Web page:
Below I am sharing my eulogy for my dear father-in-law, Shangara Singh, who passed away on July 3rd, 2018. .
My name is Sheila. I am Captain’s wife, and Shangara Singh’s daughter-in-law.
I held Dad very close to my heart, and in talking to friends in his community, I have come to know that many of you equally held Dad with great love, respect and admiration. It has been awe-inspiring to hear the stories of Dad’s commitment and devotion to the welfare of his community. Those who experienced his generosity know what I am speaking about. He was often available to help friends and family when they were in need, and he never asked for much in return apart from sincerity and honesty. He was not one who needed acknowledgement or praise. The act of seva and generosity itself was enough.
As you might imagine, along with community, Dad was wholly devoted to his family. While as an engineer, he had a precise and sharp mind, as a father figure, he held us all with a warm and loving heart. With his children, he had the ability to become a child again. It was one of his many gifts. I saw it in the way he related to his granddaughters, Sophia and Sonia. He way playful, loving and doted on them. In fact, he would affectionately address them as Sonia-ji and Sophia-ji. He was always willing to listen to the many things pre-teen girls are interested in talking about… and available to go to the playground for soccer, to make late night trips to the grocery store for snacks, or to attend the many school functions the girls had. In fact, I don’t remember him ever saying no to the girls for anything. This was the sweetness of his love as a grandfather.
As a father, he offered guidance, but not too much, nor too little. Captain and I felt genuinely cared for, but Dad rarely imposed his opinions on us. He gifted us the freedom to explore and learn, and offered his unconditional support. Often it was his quiet and gentle presence that made me feel so at ease around him.
The past several years, Mom and Dad were spending summers with us in Austin. I cannot tell you the numerous ways in which Dad helped us. This past summer he spent countless hours attending to things in our home that needed to be repaired. I saw the amount of time he was devoting, yet he rarely talked about all that he was doing, nor did he ask for recognition or thanks. During the summer, I would often have a week or two where I would work full days and need help with the girls. He always offered support saying, “Sheila, don’t worry. Just tell me how I can help with the girls and I will be there.” This was the kindness of his love as a father.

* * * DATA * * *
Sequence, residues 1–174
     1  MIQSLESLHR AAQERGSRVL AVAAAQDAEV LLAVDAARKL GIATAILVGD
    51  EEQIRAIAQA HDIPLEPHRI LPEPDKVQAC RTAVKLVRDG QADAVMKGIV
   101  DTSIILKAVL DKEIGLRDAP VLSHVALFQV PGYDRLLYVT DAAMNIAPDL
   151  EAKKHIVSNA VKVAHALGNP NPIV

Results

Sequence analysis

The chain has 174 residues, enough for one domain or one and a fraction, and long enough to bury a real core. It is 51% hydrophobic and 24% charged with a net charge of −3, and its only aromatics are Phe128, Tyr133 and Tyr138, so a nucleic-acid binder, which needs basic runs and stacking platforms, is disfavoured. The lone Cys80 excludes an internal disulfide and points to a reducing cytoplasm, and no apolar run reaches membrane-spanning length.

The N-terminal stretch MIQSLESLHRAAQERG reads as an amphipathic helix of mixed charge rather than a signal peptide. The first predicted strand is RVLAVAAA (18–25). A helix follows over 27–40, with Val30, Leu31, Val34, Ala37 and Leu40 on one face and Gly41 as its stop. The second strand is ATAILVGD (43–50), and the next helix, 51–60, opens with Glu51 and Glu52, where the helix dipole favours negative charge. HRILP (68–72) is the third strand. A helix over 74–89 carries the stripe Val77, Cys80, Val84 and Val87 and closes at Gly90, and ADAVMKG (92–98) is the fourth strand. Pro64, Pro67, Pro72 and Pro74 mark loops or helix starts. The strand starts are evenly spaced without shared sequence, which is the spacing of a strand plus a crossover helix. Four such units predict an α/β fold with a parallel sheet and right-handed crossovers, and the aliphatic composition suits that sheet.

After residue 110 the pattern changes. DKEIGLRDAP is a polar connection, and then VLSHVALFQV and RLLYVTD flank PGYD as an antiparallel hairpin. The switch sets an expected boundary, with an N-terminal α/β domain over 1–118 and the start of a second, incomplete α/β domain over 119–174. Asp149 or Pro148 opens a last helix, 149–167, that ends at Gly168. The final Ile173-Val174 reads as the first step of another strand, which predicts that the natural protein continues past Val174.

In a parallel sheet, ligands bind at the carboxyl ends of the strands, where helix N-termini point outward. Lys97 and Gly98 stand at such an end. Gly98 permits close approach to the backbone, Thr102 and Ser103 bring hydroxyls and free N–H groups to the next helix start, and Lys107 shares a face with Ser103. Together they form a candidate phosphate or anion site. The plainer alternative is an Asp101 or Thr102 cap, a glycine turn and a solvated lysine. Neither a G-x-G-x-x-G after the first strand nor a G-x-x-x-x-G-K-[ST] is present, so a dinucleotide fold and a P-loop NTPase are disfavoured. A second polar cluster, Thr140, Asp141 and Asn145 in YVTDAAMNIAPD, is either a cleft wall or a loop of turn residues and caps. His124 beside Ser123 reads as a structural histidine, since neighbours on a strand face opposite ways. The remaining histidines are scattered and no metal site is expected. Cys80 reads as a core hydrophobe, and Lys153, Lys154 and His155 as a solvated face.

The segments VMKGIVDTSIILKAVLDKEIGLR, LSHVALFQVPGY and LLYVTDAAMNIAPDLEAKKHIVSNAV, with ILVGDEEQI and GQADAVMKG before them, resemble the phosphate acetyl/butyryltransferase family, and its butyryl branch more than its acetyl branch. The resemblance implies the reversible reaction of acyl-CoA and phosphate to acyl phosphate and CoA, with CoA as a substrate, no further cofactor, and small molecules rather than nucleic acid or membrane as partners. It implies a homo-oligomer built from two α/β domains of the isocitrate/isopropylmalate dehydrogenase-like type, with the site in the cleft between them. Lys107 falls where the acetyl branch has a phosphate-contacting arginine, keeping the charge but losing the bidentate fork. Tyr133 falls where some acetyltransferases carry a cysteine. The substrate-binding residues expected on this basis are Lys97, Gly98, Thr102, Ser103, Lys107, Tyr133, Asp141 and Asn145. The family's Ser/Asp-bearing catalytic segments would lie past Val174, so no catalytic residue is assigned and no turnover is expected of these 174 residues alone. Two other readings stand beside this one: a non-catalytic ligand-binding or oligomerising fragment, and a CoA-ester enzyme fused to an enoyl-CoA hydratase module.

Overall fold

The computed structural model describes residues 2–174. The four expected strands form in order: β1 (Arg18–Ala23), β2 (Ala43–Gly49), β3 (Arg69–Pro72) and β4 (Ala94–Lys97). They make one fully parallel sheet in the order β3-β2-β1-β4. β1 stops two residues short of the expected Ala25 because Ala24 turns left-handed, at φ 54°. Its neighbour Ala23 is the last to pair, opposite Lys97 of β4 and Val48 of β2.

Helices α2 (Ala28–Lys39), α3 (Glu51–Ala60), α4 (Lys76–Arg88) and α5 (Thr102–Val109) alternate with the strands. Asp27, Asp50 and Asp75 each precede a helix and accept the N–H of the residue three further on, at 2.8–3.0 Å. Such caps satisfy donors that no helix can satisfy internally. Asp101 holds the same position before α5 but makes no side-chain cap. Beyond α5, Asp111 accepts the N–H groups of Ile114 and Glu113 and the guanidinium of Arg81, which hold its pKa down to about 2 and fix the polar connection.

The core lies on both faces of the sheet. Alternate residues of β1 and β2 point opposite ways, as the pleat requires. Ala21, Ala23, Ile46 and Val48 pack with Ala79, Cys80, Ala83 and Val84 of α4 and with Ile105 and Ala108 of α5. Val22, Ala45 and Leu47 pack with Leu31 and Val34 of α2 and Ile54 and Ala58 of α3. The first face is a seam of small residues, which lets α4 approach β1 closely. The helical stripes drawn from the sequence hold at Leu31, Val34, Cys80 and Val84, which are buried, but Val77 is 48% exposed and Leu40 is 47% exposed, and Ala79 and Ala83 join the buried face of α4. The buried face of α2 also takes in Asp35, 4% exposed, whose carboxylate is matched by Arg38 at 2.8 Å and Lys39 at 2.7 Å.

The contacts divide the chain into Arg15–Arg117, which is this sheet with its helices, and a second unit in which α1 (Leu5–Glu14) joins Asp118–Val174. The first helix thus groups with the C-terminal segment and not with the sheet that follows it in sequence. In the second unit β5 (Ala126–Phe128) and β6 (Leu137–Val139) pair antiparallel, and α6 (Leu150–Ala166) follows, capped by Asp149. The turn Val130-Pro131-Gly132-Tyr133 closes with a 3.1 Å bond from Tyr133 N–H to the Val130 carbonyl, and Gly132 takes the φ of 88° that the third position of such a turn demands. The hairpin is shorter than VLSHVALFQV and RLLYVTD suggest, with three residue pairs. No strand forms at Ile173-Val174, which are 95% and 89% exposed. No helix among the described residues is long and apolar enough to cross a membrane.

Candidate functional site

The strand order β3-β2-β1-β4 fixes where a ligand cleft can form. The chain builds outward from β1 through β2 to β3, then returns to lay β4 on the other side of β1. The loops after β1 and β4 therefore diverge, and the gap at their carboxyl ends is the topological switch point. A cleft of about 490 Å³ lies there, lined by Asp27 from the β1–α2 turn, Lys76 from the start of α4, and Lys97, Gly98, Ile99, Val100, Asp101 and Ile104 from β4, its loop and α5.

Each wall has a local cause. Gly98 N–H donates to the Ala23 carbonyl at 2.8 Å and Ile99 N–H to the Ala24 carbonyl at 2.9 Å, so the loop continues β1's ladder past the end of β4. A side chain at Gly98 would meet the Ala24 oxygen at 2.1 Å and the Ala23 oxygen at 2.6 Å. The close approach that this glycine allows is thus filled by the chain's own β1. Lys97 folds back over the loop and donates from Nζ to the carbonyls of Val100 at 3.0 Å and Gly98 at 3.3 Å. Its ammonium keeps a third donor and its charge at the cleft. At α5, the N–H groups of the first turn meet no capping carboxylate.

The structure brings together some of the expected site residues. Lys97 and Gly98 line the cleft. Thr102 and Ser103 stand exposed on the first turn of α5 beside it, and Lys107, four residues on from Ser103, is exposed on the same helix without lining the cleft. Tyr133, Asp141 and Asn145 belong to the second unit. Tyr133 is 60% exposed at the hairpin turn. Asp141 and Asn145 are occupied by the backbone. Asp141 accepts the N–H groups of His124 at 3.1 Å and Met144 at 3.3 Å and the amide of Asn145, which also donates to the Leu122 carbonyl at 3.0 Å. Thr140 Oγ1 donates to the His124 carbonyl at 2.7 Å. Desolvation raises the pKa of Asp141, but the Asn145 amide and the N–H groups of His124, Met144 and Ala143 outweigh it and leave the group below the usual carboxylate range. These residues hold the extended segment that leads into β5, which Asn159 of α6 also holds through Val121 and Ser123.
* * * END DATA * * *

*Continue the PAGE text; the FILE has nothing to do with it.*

Still, some of my fondest memories of Dad are the hikes that we would take together on our summer travels. He was always the one who was eager to go on when everyone else was tired. He and I would continue hiking; easy conversation weaved together with peaceful silence. Usually, I was the one who would have to urge Dad that we should turn around and return, in case the others began to worry. The spirit of adventure and love for the outdoors was very much alive in him.
Last though not least, I appreciated Dad’s simplicity and humility. To me it was a sign of how evolved he was as a human being. He had high ideals when it came to truthfulness and integrity, yet he did not have a strong ego. He remained humble despite his many life achievements, and he remembered that the simple things in life were in fact the most important. He did not seem to be caught in the waves of constantly striving and seeking for more. He had the capacity to slow down and enjoy the moment. I think because of this he carried a profound peacefulness about him, and this peacefulness was often transmitted to those around him. I know that I experienced this.
While I have attempted to describe Dad’s legacy as I have come to know it, words cannot fully describe how much he will be missed. It has been a great honor and privilege for me to have called Shangara Singh my Dad. Though he is no longer with us in physical form, his love, energy and wisdom remains with us eternally.